Today, my wife and I visited James Madison’s Montpelier, where his and Dolly Madison’s home is being restored back to the original design when the Madison’s lived there. Portions of the house (which was owned by others after it was sold by Dolly Madion, including the Duponts, are being removed to restore the home to re-create it as the true Madison home. Montpelier is located in the beautiful foothills of the Blue Ridge Mountains in Virginia’s Piedmont.
During the tour, which brings you into the thick of the restoration, we went to the second floor to Madison’s library, which when he lived there contained more than 4,000 books (most of which did not fit into his library). The tour guide pointed out that in this room Madison did much of his preparation for the Constitutional Convention, and actually wrote detailed notes in a small, pocket-sized book, which he brought with him to Philadelphia.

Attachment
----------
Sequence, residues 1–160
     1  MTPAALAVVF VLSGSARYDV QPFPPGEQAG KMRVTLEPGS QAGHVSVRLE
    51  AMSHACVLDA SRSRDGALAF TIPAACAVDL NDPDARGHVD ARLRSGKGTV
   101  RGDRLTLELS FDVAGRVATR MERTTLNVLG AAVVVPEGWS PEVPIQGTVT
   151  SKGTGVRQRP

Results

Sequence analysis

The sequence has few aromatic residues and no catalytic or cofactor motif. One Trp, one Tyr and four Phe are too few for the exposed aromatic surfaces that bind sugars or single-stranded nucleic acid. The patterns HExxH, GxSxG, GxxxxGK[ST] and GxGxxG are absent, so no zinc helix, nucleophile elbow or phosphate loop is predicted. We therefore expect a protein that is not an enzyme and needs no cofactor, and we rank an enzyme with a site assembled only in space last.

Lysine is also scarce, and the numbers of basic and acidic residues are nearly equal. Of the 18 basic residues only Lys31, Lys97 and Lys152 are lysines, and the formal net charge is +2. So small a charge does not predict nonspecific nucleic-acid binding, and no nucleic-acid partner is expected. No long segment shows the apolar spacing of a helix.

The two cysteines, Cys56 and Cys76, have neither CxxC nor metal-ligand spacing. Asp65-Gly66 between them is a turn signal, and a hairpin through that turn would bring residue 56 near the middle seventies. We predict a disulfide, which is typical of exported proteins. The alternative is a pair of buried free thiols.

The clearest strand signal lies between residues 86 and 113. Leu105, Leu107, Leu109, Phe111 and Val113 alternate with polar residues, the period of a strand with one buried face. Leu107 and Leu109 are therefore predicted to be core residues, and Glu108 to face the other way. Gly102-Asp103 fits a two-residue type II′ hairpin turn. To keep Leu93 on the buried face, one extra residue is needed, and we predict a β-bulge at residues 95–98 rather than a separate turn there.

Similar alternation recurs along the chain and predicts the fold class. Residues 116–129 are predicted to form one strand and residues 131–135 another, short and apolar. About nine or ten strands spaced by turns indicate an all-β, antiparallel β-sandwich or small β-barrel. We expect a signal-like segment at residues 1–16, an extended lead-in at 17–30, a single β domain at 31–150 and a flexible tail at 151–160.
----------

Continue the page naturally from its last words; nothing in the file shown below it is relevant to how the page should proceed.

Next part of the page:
When Madison was a younger man, he made his first contribution to American constitutional law by his defense of the free exercise of religion as a right and not a privilege. Perhaps his library was where he wrote his paper; perhaps this was where he put his ideas together to argue against a state religion (in Virginia).
Later in the aftermath of the Constitutional Convention, Madison, Hamilton and John Jay wrote the Federalist Papers, some of which were used to write the first Ten Amendments to the Constitution. In particular, Madison was responsible for the First Amendment, which not only insured free speech, but also, two clauses in the First Amendment guaranteed freedom of religion. The establishment clause prohibits the government from passing legislation to establish an official religion or preferring one religion over another. It enforces the “separation of church and state. The free exercise clause prohibits the government, in most instances, from interfering with a persons practice of their religion.
Later in the day, I thought about how significant Madison’s ideas, and his thinking are in the current debate on the religious idea of Intelligent Design, and evolution as discussed in this blog over several months. Even the conservative Utah legislature voted against an anti-Darwin bill with many legislators insisting on the separation of church and state.